How myPlace Health is Changing Healthcare
Healthcare Rethink - Episode 17
From myPlace Health, Rhiannon Iorio Perry and Dr. Rob Schreiber join the podcast to share their stories and efforts...
Brian Urban: [00:00:22]
Yes, this is the Health Care Rethink podcast. That's how you open up the show. I am your host, Brian Urban, and today we have a very interesting topic needed now more than ever on podcasts across our country. Payer and provider collaboration. What both sides need to do to have better health outcomes and less confusion and challenges for the patients the lives in the middle of that relationship. And here to join me in this discussion is an expert, I'll say a celebrity level influencer across LinkedIn and other platforms is Doctor Eric Bricker. And I'm just so excited to have you on the show to discuss this. Welcome to the show.
Eric Bricker: [00:01:07]
Dr. Bricker Yeah, thanks so much for having me, Brian. And hello to everybody out there. Appreciate you tuning in.
Brian Urban: [00:01:13]
So in most of our shows, we open up with some this or that or some interesting trivia to get to know our guests a little bit better for our audience. Actually, I think your guests on your show and your audience will get to know me a little bit more because you have so many followers. It's amazing. So I thought we could kick off our conversation with a little bit of trivia. Just to highlight your, I'll say, historian level expertise across the health care ecosystem. So I got just five questions for you. Painless. I'll go quick to keep you on your toes and then we'll really get into the meat of our conversation.
Eric Bricker: [00:01:51]
All right, shoot.
Brian Urban: [00:01:52]
All right. Question number one. Here's a softball for you. The Hippocratic Oath first originated by which Greek philosopher Plato, Socrates or Hippocrates.
Eric Bricker: [00:02:03]
Brian Urban: [00:02:05]
Ding, ding. Correct. Do no harm. Whatever you do, don't make it worse. Right. All right. Question number two What agency originally administered Medicare? Was it the health care financing administration?
Eric Bricker: [00:02:19]
Brian Urban: [00:02:21]
Actually, I was. You're so fast. In 1965 to 77, it was the Social Security Administration. And then after that, whenever Secretary Califano came in. So. But you're so.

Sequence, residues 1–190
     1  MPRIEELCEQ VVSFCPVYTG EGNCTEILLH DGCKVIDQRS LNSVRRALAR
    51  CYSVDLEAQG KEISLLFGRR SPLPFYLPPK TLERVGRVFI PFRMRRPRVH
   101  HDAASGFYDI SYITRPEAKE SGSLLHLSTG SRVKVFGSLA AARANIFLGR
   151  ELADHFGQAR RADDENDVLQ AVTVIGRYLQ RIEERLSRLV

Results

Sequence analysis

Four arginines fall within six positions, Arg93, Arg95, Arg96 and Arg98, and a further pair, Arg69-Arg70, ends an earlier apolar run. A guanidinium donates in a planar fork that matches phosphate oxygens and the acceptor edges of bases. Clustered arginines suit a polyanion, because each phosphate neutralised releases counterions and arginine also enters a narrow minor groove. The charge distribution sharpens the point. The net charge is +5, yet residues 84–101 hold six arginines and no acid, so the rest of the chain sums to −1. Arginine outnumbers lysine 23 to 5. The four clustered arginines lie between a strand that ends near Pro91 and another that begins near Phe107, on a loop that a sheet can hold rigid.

Eric Bricker: [00:02:35]
Fast. That's great. Thank you for teaching me that.
Brian Urban: [00:02:39]
Cms.gov is teaching you this. This is some great questions from a resource from them. All right. Question three What year was the stethoscope invented? 1918 16 or 1865.
Eric Bricker: [00:02:53]
Oh, okay. I'm going to go with 1816.
Brian Urban: [00:02:57]
Correct. Rene Lynch, a French physician, invented that. Amazing.
Eric Bricker: [00:03:03]
All right. I did it because he felt awkward getting near the chests of his female patients.
Brian Urban: [00:03:10]
See, I learned something, though. That's a little more context.
Eric Bricker: [00:03:12]
Because that's how that's how they used to auscultation. Listen to the heart is they literally would put their ear against the chest of the patient. And he's like, it's kind of awkward.
Brian Urban: [00:03:21]
I bet that's preference sensitive care right there. That's how you do it. The French knew what they were doing back then. So awesome. All right, a couple more questions. Medicaid was expanded to cover additional low income pregnant women and children. In what decade spans here? Was it the 1980s? The 1990s? This was expanded, the 1950s, the sixties or the sixties to seventies?
Eric Bricker: [00:03:47]
Yeah, it was. It was the same time as Medicare. So it was sixties and seventies.
Brian Urban: [00:03:51]
The sixties and seventies. And then it really started expanding in the eighties and through nineties.
Eric Bricker: [00:03:55]
Okay. All right. Fair enough. I made a health care see video about this. I think it was originally Medicare the now anyway, it was the original passage was going to have a state level administration and the state level administration became Medicaid and then the federal administration became Medicare.
Brian Urban: [00:04:16]
Yes, exactly. And then actually, I love that. I love that piece that you did. You used your grandfather as an example. I think you you kind of looked at the history across the the Medicaid being established. So let's put.
Eric Bricker: [00:04:29]
Some hard ones. Wow. This is great tough ones.
Brian Urban: [00:04:33]
These are tough ones. But the last one here and this really gets us to what the heck is going on these days? How many in number of volume Medicare claims for physician, hospital and other services are paid every year? Is it about 750 million, about 1 billion or about 1 trillion volume of claims?
Eric Bricker: [00:04:56]
Oh, shoot, I'll go with the one with a B billion.
Brian Urban: [00:04:59]